All things being equal, we like to do things for ourselves. Many retailers are suffering because we’re ordering more stuff online. And if you’re in a store that offers both self-checkout and cashier checkout, which one do you use?
Technology has fueled much of this self-service trend, which now extends to analytics. If you use QuickBooks on the online portal of your health savings account, you’re used to seeing dashboards of your spending presented as a pie chart or graph. A few clicks is all you need.
Dashboards and analytics help busy managers and executives get a glimpse of their business at a glance. The most important metrics are front and center, where they dominate the screen. Because every business and every manager is different, popular software packages feature self-service tools where users can customize their business intelligence (BI) views.
Self-service is great, but the question many business execs fail to ask themselves is this: Are they seeing everything they need to see to make mission-critical decisions?
The 2016 Wisdom of Crowds Business Intelligence Market Study illustrates a few interesting trends, noting a sharp growth in BI technologies. Reporting, dashboard and self-service tools were rated the most important BI technologies. The study noted that most organizations use up to three different BI tools.
When properly configured, self-service tools can get at needed information quickly and easily. Previously, you’d have to contact the IT department and either have staff run the numbers you wanted or write a customer interface to get at the data. Depending on the work backlog, a simple report could take days – or weeks.
So there’s no doubt that self-service tools are a great leap forward and no wonder that their popularity has been rising. But all of these tools are only as good as the data they pull. Your accounting software, for example, probably has dashboards that show sales, accounts receivable, accounts payable and other financial metrics.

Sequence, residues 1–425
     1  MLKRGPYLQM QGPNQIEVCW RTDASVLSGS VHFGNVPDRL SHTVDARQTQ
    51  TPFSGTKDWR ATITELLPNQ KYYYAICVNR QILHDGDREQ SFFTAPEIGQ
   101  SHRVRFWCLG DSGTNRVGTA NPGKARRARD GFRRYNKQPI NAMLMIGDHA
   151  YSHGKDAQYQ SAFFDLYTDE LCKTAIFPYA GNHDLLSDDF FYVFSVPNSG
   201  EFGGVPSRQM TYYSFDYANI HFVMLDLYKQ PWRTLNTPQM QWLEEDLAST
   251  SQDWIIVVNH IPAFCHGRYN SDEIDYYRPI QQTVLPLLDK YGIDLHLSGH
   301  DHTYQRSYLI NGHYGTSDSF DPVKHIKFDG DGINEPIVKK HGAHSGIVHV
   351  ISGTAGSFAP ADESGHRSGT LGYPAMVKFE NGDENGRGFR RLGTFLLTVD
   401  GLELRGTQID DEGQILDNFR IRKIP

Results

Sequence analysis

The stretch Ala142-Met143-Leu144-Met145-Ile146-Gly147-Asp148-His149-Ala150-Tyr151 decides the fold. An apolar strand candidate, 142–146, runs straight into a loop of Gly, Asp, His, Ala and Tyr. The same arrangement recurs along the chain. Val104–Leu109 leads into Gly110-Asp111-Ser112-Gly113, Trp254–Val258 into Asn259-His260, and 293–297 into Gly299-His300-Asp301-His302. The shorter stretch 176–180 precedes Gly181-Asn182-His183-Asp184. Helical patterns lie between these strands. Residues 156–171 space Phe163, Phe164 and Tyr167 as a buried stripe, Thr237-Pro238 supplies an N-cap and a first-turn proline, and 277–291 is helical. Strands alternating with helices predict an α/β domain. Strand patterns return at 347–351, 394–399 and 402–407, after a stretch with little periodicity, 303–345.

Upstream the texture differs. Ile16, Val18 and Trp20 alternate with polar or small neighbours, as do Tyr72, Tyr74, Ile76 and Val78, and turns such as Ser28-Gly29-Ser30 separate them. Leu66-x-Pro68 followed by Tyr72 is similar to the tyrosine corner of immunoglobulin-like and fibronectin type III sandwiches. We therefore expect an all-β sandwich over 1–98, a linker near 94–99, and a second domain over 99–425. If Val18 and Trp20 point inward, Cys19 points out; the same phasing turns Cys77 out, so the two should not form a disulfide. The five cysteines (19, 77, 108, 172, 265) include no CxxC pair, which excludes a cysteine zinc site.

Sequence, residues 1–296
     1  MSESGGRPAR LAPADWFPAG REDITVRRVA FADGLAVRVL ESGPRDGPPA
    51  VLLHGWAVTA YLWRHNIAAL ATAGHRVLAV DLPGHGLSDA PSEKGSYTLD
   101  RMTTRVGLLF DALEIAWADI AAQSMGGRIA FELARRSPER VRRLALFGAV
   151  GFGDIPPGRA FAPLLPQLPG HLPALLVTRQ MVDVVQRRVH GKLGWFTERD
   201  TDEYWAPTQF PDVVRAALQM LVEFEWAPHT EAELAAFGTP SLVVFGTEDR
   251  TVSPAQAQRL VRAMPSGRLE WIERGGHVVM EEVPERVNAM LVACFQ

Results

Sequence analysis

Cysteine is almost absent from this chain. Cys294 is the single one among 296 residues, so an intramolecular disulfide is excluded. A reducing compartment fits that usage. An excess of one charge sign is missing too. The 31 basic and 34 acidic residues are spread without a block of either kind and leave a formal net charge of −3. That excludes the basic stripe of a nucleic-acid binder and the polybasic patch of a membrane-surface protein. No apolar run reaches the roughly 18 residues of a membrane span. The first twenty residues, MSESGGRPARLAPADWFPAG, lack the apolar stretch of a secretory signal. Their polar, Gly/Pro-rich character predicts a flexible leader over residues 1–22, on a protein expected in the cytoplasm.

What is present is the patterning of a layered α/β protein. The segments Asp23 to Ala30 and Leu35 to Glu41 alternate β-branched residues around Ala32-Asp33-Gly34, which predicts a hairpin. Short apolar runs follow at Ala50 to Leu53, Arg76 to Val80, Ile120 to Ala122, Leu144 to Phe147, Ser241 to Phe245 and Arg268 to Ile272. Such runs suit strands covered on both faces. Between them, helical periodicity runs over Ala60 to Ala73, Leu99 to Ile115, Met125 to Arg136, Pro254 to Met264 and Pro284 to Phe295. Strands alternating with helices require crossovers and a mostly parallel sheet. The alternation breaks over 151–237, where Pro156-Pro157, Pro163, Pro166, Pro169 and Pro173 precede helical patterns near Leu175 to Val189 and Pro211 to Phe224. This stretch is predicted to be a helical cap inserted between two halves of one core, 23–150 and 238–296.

But what if you really need to see how labor costs relate to output? Or how an order backlog affects future capacity needs? In these cases (and many, many more), you need to get at data across the enterprise, from often disparate information systems that don’t normally interact.
The questions you need to ask of any analytics tool depend on your company, your industry, your culture and your business goals but they aren’t likely contained in a single information system.
One of the ways Pyramid helps our clients is turning information across multiple platforms into actionable business intelligence. We have a comprehensive suite of BI solutions for storing, mining, analyzing and reporting data.
We’ve all heard the saying, “Garbage in, garbage out,” and self-service BI tools are only as good as the information they have access to. So don’t think you can dismiss the IT staff because you have a shiny new tool. Your systems need to be linked so you can have a complete picture of your department, your region or your company.
Self-service tools are great and dashboards can be pretty, but without access to the right data, these tools are worthless.